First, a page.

“When I moved up to the under 18’s I was playing under Tony who is a legendary figure at West Ham of course. He helped me develop mentally. The way he carried off the sessions helped me become more professional. It was something I needed because as a kid that is perhaps something that is lacking in certain areas.
“At the start of my second year, Tony made me captain of the under 18’s. However, I missed a large chunk of the season through injury. Nevertheless, when he gave me the captaincy I believe a matured as a person.”
Anton told me about the influence Rio had on him: “It inspired me one-hundred percent. I could have sat down and said I don’t want to work hard, I don’t have to because my brother is going to take care of the family. But that wasn’t the case for me. Everything he had, I wanted it. I wanted it for myself. When he brought our mum a house I saw mum’s face, that inspired me.
“I wanted mum to look at me like that because of something I’d done. I was lucky enough to do that.”
Unquestionably, playing in big games at the top level had been a highlight for both players: “I played in the Premier League, the best League in the world, Anton said. “I was at that level for eleven years, not many people from my background can say that.
“The year that we went to the FA Cup final was unbelievable. Many top players haven’t played in the final. It is the most famous cup competition in the world. It people talk about it as the greatest FA Cup final, but we didn’t get the win. It remains the only domestic competition that isn’t in our family. It’s the only one Rio didn’t win either. It’s now down to our son’s to put that right.
I sensed pure emotion in Anton’s voice as he spoke about the 2006 cup final team: “It was amazing to be a part of that West Ham team. If you look at the current team, they probably have better individuals. But in terms of a team and togetherness, I don’t think they come close to our side.
“To a man we had everything. Pace, power, flair but above all we had players who were willing to work hard because we knew that we couldn’t carry people. The likes of Yossi Benayoun, who was one of the best flair players I’ve ever played with, still liked a 50-50 tackle and would track his marker all the way back. Matthew Etherington was exactly the same. Then, a year later it was Carlos Tevez. He was probably the best footballer I’ve ever played alongside. His work ethic on a matchday was second to none, but we had work ethic all over the pitch.
“I’ve just moved into a new house and was looking through some of my memorabilia. I found my FA Cup final boots and shirt which I thought I’d lost. The memories came flooding back. I was able to show my three-year-old son, it was like he understood, it was a proud moment for me.”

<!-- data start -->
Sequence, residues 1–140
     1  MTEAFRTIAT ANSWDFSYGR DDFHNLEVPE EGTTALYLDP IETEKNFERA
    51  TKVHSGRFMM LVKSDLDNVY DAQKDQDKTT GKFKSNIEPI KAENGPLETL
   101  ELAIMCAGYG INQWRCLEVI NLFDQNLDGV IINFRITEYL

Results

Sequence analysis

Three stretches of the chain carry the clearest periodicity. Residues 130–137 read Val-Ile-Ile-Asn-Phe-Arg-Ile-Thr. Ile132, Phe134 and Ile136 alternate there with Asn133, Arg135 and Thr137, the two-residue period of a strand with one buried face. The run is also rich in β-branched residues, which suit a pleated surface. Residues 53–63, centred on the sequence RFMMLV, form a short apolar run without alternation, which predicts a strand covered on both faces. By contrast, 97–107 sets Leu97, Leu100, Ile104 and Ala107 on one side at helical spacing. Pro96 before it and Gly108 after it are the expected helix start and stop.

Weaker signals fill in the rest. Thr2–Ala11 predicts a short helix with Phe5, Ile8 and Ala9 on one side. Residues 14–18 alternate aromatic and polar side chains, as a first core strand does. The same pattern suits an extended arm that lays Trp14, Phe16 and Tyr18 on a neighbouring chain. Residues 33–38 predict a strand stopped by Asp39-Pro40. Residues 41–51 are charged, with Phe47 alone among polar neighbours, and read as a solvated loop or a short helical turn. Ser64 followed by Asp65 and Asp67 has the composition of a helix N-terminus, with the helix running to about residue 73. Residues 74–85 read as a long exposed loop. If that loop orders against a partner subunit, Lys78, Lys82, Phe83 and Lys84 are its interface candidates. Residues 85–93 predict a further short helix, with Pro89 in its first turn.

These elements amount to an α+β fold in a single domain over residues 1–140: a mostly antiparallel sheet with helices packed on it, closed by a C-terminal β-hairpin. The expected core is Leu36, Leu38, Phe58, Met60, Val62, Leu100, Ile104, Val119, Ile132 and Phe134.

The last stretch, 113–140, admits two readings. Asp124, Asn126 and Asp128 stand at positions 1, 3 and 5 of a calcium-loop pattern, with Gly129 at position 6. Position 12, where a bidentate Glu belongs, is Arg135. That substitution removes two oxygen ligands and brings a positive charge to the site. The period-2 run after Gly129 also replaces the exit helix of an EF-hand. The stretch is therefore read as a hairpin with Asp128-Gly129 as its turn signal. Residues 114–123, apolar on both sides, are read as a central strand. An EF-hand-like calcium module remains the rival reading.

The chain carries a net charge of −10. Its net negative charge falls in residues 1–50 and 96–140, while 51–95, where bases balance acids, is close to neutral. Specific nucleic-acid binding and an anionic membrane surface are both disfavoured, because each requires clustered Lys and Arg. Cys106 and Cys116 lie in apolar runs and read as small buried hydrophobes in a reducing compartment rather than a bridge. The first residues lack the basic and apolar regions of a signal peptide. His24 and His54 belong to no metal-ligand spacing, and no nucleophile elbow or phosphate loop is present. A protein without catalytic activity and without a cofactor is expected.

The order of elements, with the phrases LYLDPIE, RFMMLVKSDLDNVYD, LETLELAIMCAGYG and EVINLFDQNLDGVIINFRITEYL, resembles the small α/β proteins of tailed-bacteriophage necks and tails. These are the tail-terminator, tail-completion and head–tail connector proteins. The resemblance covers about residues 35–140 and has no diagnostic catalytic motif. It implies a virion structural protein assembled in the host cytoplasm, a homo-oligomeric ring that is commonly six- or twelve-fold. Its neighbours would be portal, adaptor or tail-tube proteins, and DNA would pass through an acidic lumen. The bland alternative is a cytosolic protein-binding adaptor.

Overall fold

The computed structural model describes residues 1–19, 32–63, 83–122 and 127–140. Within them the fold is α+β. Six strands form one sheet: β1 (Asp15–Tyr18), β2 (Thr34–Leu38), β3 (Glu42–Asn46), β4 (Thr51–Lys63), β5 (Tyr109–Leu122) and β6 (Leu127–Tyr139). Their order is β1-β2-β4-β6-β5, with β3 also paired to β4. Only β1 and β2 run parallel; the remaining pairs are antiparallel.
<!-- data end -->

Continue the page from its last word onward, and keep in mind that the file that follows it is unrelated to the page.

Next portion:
Although Zavon’s stay with the Hammers wasn’t on the same scale as that of Anton, the ‘West Ham effect’ was in the forefront of his mind, with a dramatic winning goal against Aston Villa at Upton Park back in November 2009 still sending a tingle down his spine: “I think that was the best moment of my career, he said. “At the time we were struggling towards the bottom end of the Premier League and hadn’t won for a while. Gianfranco Zola was the manager. I’ve got a lot of respect for him because he gave me my opportunity to be with the first team a lot more.
“When I scored the goal I didn’t know what to do, I just remember running. It was a lot of joy. Because of my background in Brixton, scoring the winning goal in the Premier League was a massive thing. No one from my area had done it, I wanted to do it for them. I particularly wanted to show the youngsters from my area that it could be done and they could do it too.”
Indeed, Zavon’s tough upbringing gave him a huge desire to succeed: “Playing in the Premier League is the most amazing feeling. At first, I didn’t expect it to happen. I’d been sent out a few times on loan and had struggled with injuries. Initially, I question if it would happen for me or if I’d make the grade.
“But I had a desire to succeed at West Ham because they had given me an opportunity and I wanted to repay them. I continued to work hard and the club showed faith in me. I had been injured but the Hammers gave me another year, I desperately wanted to repay their faith so I worked as hard as possible and it paid off.”
Zavon continued: “I didn’t have the best upbringing, but I knew that I had the willpower to succeed. A few people thought that because I was a footballer I didn’t want to know them because I had made it. But the real friends that I had back then are still with me now. They understood the sacrifices I had to make.
“Indeed, now one of my closest friends has started up an academy because, he too, wanted to give something back and let kids know that there is an alternative route if you put your mind to it.”
Despite admitting to me that he was a childhood Arsenal fan, Zavon was adamant that it was the Hammers who he now looked out for: “I still look out for West Ham’s results every week. I still get a little bit angry when they lose or aren’t where they should be in the league. Once you’ve been a part of the club it doesn’t ever leave you.”
(Reproduced with permission of West Ham United FC)